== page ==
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Moby-Dick

Moby-Dick

by Herman Melville

Moby-Dick Chapter 86: The Tail Summary

  • Now Ishmael "celebrate[s]" the whale’s tail (86.1). Hey, everyone’s got their fetish.
  • The first problem, of course, is where the whale’s tail actually begins, considering that its body just tapers until the flukes (fins). Ishmael decides that the beginning of the tail is the point at which the whale is about as thick as a man’s waist.
  • To Ishmael, the tapered tail of the whale is a graceful and compact version of all its strength and power.
  • Ishmael identifies five different ways that whales move their tails: using them as fins to move forward; using them as weapons in a fight (against human beings only − whales fight each other with their heads and jaws); "sweeping," which is using the sense of touch in the tail to search for foreign bodies in the ocean; "lobtailing," which is smacking the water with the tail flat on a playful manner; and "peaking flukes," which is when the whale rises almost entirely out of the water before diving.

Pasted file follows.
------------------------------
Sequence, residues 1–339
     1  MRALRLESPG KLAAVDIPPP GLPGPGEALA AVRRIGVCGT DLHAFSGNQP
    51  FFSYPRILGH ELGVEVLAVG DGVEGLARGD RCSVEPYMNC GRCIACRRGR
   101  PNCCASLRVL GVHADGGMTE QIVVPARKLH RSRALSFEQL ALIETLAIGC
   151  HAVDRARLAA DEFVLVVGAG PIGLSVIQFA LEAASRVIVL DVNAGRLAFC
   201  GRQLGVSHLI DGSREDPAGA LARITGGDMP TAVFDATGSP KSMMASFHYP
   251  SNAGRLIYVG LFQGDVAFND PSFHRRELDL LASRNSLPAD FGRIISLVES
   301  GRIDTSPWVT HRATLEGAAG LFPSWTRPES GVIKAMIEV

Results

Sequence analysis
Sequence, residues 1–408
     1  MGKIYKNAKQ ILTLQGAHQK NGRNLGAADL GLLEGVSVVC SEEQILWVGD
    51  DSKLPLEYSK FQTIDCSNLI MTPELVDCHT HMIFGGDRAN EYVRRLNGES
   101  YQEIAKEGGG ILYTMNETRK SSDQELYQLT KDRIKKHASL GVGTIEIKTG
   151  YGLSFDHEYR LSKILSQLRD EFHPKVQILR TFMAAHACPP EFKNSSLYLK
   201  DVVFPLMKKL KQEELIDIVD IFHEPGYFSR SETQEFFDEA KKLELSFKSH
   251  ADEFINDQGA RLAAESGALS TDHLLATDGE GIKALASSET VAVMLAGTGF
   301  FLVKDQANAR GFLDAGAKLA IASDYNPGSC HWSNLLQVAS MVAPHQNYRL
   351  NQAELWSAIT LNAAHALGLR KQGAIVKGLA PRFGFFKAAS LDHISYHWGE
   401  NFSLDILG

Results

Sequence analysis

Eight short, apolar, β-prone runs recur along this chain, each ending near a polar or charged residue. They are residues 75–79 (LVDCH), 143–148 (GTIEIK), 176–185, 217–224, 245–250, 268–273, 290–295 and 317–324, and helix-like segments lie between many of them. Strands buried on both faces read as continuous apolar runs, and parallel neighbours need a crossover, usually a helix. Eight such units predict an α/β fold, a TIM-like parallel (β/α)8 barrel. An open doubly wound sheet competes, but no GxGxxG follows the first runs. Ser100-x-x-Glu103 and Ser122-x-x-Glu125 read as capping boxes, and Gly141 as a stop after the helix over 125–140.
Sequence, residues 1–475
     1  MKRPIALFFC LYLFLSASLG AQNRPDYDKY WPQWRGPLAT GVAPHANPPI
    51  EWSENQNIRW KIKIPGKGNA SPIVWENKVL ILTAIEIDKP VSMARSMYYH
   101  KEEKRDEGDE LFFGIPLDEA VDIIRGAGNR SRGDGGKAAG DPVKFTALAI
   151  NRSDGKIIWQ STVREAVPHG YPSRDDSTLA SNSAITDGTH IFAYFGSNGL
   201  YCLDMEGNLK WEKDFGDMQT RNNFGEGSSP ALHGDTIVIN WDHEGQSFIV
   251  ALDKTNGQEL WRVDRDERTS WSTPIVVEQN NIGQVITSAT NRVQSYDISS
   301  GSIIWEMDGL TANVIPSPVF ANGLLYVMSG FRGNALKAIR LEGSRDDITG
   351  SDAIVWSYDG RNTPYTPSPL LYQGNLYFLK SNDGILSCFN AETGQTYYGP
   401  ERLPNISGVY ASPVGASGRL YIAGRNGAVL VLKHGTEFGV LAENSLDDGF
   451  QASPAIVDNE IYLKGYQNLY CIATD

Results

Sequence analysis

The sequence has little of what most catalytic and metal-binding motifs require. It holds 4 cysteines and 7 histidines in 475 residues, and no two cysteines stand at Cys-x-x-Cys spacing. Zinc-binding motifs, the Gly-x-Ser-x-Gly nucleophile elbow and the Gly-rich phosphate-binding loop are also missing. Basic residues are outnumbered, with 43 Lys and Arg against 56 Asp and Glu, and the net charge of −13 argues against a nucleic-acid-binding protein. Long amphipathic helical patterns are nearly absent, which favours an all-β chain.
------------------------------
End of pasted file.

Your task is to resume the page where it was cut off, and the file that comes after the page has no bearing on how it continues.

• Ishmael notices that he’s compared the whale’s tail to the elephant’s trunk quite a bit, but he insists that the tail is more dignified.
  • Ishmael laments the inscrutability of the whale’s tail. Sometimes it seems to make meaningful gestures that he can’t interpret, and no matter how much he analyzes different parts of the whale’s anatomy, he’ll never fully understand it.

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